I took a drawer front from some old dresser and mounted the wheels from the skates I used as a kid and I rode it along that long pathway for a few Autumn weeks until one hard fall on my tailbone discouraged me.
In Nevada the skateboard is a common means of transportation.  I have a nephew who used his daily to commute to his job at Pizza Hut.
It is much faster than walking, fun, and easier to secure than a bike.

I headed toward the Barrick Museum.  I knew I wanted to see the museum both for the regular exhibits and also for a short run exhibit of banned comic books called Seduction of the Innocent.

The museum was less full than it usually is.  One whole section was being reworked with temporary paintings that reflected themes that fit into the Halloween season.
I think this mask collection is a permanent display, but it too fit well into Halloween.

I enjoyed the comic display.   It was interesting to see how far these books were from what I read as a kid and to wonder who was reading these.

They did not photograph very well, but here is a site with photos of the Omaha Cat comic.  Pretty wild and racy stuff.  

I don't want to take a chance on violating copyright, but click on any interesting cover and it will enlarge for a better view.  Included in the display  was some of the history of the banning 

I always like the old ceramics of a culture.  This display includes interesting pieces from various cultures in Central America.

 I love everything decorated with fish.  Fishing is such an old occupation and I feel connected to the centuries when I'm  out being an angler.
I loved this one.  


I had picked my day also to coincide with the Professional Bull Riders competition held in the Thomas Mack Center right on that campus.
Tickets were advertised for as little as $20, but I bought a bit better seat for $36, still a cheap price for such an event.  
I had a long wait, so I decided to go up to the Pinball Hall of Fame.  I walked out to Tropicana and took the bus.  On the way I saw the Crowne and Anchor English Pub
and remembered their great offer of  free lunch for video poker play.  

I was hungry, so in I went.

I recommend this spot, even though I went a bit on tilt and lost $100 in the short pay machines.  It surprises me that I want to go back, but I do.
The ambiance was just great.  Soft blues mixed with other music played.  The bar was populated but not crowded. The ambiance was delightful.
A very pretty and personable waitress explained the rules of the free lunch.  I was required to play 15 hits of max play quarters, thus putting at risk my $20 at least once.  For that I got lunch and a fine beer. I could not decide which beer to have and she actually gave me three tastes from the many tapped beers. I can't remember which I chose.  But I was amazed that she was so easy and friendly to a guy getting a free meal.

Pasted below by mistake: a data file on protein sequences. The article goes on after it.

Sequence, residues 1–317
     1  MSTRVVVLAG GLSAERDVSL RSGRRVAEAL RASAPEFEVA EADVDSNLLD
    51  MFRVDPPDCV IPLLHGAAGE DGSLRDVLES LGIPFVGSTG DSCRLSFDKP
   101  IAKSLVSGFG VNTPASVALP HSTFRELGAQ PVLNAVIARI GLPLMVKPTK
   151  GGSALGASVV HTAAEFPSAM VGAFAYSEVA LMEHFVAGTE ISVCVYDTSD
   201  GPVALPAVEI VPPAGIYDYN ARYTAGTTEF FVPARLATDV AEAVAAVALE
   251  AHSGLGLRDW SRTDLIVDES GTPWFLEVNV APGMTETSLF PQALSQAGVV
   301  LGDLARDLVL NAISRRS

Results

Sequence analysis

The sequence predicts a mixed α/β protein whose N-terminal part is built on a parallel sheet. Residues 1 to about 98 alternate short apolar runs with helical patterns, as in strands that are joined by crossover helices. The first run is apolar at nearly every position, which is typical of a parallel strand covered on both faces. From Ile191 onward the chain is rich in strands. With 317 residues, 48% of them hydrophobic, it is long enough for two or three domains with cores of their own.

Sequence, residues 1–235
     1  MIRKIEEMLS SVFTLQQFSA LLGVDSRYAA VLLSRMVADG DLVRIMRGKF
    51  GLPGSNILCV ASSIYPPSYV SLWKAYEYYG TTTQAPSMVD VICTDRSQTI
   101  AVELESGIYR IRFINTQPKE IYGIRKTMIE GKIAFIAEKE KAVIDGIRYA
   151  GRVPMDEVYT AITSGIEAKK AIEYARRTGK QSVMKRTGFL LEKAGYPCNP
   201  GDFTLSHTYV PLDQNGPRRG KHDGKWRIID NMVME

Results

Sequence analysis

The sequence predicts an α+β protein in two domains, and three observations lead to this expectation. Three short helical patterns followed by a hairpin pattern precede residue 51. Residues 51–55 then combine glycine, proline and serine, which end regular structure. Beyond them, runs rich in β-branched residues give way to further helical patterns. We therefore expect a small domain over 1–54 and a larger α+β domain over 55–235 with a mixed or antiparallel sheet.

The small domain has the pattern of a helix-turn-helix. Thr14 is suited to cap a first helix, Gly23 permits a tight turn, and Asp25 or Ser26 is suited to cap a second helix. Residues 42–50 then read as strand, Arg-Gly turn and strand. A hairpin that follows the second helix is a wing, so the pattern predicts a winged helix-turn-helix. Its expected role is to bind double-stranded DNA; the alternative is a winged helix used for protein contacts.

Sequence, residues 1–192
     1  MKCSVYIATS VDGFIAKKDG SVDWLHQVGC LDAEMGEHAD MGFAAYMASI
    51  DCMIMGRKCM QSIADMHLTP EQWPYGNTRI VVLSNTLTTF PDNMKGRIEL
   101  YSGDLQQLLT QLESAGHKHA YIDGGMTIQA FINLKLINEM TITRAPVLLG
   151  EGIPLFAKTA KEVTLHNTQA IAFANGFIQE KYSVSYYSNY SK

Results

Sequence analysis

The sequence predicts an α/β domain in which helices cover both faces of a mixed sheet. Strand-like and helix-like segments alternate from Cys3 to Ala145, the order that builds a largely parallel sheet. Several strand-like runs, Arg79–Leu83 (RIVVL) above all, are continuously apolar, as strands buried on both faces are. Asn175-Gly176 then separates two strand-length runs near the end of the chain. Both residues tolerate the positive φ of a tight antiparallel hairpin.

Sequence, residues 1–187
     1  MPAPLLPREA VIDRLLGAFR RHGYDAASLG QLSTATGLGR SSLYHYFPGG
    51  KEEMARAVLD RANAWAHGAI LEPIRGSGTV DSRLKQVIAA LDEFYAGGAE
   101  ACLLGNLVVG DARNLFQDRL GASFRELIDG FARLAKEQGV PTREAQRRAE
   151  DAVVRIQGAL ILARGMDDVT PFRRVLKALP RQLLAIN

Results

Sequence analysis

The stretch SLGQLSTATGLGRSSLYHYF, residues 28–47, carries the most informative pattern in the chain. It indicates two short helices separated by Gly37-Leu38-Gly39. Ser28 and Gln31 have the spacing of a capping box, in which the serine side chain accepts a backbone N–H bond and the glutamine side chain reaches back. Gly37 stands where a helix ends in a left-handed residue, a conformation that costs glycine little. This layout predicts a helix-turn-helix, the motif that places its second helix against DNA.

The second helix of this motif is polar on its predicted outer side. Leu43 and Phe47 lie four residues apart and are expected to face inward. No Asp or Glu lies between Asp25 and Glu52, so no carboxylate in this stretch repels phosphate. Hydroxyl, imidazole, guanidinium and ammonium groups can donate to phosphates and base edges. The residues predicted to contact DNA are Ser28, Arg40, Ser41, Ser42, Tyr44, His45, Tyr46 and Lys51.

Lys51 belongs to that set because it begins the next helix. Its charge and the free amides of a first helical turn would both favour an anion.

Of course, that is the way to be, isn't it?  Jackie Gaughn knew that and he was right. Some of the newer "experts" don't know how to lure and keep a customer.  
If a frugal and disciplined gambler like me can be lulled into losing $100 on short pay Deuces, well the place is doing something right.  I ate lamb in a bread bowl and it was all delightful.  It is the best bread bowl I can remember having anywhere.  However, if I go again I won't keep chasing lost money.

I walked down to the Pinball Hall of Fame and soothed myself with games where I could only loose at most 75 cents a play.

 I did not do this, but I remember being so fascinated with these coins when I was a kid.

This is my favorite game.  I play it every time I visit.  I remember seeing these cartoons, even in high school when there was an evening show featuring Daffy Duck.

After busing back to the campus, I was still early for the bull riding, so I parked myself on a busy campus walkway where some students were selling baked goods, and a blood mobile collected blood donations and passing in front of me was a cross section of the students going from class to class.  It was fine to sit at a table in the warm sun and watch the parade of young folks, dressed in the most casual and in suits as well, walking, biking, riding skateboards, quiet and determined or in intellectual conversation.  
And did I mention the pretty girls?
From a vending machine I had a drink that cost half what the prices were in the tents and trucks of food set up for the Bull Riding event.  
One fine thing for me in touring a campus is there is always cold water from a fountain and always a nearby bathroom, even in the "desert" areas.  These things become increasingly important for me as I age.

I sat near the soon to open doors of the Mack Center and watched the audience stream in, many dressed in cowboy gear with hats and shirts and interesting belt buckles.

All around this event were huge Ford Trucks with Ford Built Tough plastered around.  It seems ironic since I remember FORD meaning "Found On the Road Dead" or "Fix Or Repair Daily."  I wonder if they are built better now.  It is a good way to change the image to attack the old stereotype.  
I also wonder if bull riders are loyal Ford guys.  My dairy farm raised buddy Dick and his family always bought and defended Ford vehicles.  My family was a Chevy family, so the banter was on often, and certainly always came up whenever we had nothing else to talk about, when the cows were in and milked, and we walked the couple miles of highway back to Lime Lake for roller skating.

When I got in to the Mack Center, I saw what looked like a very small area and huge screens.  I have not been to a bull riding event, so for a while I worried that I had come just to a televised bull riding with the actual bull riding to occur somewhere else.  The area did not look ready for bull riding.
And it wasn't ready just yet.